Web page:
Submission on Voting Reform

Here is what I sent in to the Electoral Reform committee. I think it is worth a read and I hope they actually read it. I actually sent it in  about ten o’clock on Friday.  That was actually the date for verbal submissions but I see no need to do that.

11:59 Special. Read this Paper! Voting reform must be understood in the context of democratic evolution

Here is my submission regarding voting reform. My name is Tim Rourke. I live in Toronto and come originally for Alberta. I have a degree in Political Science from the University of Toronto. I live on a disability pension and have for most of my life. This gives me some time to be involved in voting reform organizing, and with democratic reform more generally.

I worked with Fair Vote Canada for some years. I attended most sessions of the Ontario Citizen’s Assembly as an observer. I have been involved with the much studied participatory budgeting process within the Toronto Community Housing Corporation, the city’s social housing arm. It seems to me that voting reform in Canada must be understood within the context of the long process of developing and deepening democracy all over the world.


I think most of the problem with Canada is with obsolete institutions which have never been updated since colonial times. Fixing the voting system would be only a first step to a more thorough overhaul of government. Moving to a more consensual legislature like most other advanced countries did long ago would make it easier to begin reforming other aspects of government. It will be harder for interest groups who simply do not like democracy to obstruct public initiatives.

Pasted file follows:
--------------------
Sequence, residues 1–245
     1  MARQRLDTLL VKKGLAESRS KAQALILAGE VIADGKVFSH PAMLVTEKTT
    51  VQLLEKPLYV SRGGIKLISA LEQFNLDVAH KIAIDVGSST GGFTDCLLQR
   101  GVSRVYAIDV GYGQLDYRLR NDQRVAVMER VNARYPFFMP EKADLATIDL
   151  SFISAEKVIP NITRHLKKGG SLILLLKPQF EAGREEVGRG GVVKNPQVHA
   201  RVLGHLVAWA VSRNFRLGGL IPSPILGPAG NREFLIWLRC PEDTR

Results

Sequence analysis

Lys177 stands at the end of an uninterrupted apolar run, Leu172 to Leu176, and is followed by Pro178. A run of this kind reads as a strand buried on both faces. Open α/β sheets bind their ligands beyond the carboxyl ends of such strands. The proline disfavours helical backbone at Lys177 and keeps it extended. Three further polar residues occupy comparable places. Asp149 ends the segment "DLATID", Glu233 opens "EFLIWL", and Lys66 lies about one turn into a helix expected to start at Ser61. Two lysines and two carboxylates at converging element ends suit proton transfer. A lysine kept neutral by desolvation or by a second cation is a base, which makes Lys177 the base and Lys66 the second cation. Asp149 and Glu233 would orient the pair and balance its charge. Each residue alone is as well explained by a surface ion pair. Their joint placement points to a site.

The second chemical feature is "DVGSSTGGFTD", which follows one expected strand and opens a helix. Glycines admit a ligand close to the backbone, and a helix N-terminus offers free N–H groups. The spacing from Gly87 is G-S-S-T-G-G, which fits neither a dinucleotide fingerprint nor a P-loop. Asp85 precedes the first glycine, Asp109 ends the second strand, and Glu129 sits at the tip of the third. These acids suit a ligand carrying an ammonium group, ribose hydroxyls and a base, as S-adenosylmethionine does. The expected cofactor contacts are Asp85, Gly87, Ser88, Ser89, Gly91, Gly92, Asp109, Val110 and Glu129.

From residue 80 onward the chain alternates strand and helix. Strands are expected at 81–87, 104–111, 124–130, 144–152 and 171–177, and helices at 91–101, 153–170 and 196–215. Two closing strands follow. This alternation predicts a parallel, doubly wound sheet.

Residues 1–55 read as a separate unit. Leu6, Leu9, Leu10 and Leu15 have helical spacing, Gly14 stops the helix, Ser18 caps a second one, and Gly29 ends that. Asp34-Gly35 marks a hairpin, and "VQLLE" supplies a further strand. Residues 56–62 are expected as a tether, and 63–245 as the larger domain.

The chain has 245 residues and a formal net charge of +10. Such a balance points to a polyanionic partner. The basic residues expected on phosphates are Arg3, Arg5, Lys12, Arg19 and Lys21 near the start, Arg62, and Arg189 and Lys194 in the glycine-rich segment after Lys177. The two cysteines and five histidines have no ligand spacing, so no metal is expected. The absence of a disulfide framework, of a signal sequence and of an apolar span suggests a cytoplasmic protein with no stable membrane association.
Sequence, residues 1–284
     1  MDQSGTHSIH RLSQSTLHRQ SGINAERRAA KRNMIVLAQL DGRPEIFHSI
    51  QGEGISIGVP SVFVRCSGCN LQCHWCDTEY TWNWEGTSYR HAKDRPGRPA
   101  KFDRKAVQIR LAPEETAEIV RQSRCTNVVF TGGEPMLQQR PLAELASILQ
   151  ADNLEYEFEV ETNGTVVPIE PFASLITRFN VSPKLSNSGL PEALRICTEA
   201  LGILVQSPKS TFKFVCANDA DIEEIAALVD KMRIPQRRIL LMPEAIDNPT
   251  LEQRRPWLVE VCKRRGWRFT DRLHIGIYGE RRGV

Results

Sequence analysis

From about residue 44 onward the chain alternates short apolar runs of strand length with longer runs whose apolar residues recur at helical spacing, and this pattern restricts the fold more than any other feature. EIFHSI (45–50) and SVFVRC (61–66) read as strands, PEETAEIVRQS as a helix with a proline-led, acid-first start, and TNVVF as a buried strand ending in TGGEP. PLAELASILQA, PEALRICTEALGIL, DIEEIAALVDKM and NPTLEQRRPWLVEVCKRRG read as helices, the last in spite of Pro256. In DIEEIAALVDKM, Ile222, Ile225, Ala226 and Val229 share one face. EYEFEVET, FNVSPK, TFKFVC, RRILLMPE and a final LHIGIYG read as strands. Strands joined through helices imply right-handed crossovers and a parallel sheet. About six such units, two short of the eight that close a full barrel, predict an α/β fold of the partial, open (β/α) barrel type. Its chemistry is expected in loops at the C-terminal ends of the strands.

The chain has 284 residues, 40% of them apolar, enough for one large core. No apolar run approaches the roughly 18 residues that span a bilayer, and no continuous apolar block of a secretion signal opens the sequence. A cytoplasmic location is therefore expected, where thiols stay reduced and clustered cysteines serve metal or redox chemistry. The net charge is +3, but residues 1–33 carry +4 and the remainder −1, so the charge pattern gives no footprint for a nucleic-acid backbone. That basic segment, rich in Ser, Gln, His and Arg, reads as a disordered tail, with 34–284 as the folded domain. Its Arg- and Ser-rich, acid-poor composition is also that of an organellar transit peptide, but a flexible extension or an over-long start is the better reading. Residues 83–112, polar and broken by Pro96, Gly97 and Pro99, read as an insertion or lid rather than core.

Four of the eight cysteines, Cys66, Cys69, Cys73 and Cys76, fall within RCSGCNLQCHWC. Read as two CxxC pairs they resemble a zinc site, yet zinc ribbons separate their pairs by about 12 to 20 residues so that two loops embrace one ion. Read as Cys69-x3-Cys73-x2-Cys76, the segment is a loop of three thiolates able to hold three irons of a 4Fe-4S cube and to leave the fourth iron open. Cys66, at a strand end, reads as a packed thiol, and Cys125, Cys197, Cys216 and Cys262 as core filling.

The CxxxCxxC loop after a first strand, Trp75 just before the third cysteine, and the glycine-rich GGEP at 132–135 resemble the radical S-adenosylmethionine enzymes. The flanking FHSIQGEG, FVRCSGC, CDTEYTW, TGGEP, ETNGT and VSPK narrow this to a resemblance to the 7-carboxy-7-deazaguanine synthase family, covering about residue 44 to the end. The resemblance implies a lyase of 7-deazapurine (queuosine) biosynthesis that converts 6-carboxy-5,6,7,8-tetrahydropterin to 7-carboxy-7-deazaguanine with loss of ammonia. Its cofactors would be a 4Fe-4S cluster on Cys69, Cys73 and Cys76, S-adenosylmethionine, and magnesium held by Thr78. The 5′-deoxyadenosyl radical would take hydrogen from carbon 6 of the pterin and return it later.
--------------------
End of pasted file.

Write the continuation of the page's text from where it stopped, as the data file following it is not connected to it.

As a democracy deepens it goes from a representational model to a deliberative one. That is, one that is both direct and participatory; in which the public participates in discussing and forming policy and then votes on measures directly. There is also the concept of a delegative democracy, whereby local assemblies in which everyone participates select delegates, not representatives, to higher ones, which might then choose delegates to yet higher ones. As opposed to a representative, a delegate is directly responsible to the body which points her and serves at its pleasure. This eliminates most of the problems with electoral and partisan politics.

A delegative system is found in a few places where the public really got a chance to set up their own system; it seems instinctive to people. In places where democracy is well advanced, referenda and various forms of public consultation are commonly used. There is a science to conducting proper referenda and they are hard to do where strong party politics and privately controlled media try to manage public perceptions.


There are many forms of citizen consultation, some genuine. and some bogus. They are called Citizen’s Assemblies, Citizen’s Juries, Planning Circles, Participatory. Budgeting, etc. The basic idea is to choose some level headed people by a random process and let them listen to experts on a matter, debate among themselves, usually with the help of a professional facilitator, and reach a decision. It may be an allocation of limited budget resources, the formulation of a referendum question, or a decision on an administrative matter.

There is no really good process of deciding the voting reform issue that would not involve some form of participatory democracy. A referendum question would need to be formulated by some form of Citizen’s Assembly. Parliament just deciding on its own would smell of a conflict of interest. The result would lack validity and thus be open to being undone by the next parliament. It has been wisely said that the voting system belongs to the people, not to the parliament. Thus it needs to be legitimized by some consultative process which is seen as valid and fair.

Among the problems we are facing with this voting reform process is that Canada does not have much experience at real democracy. We do not know how to go about things like referenda and Citizen’s Assemblies. We have also got ourselves stuck in this severe time constraint. It seems to be that the way out of this would be to do the best public consultation possible given these limitations, come out with the best solution within the constraints, and go with it. But, mandate a consultation and referendum on it after two elections.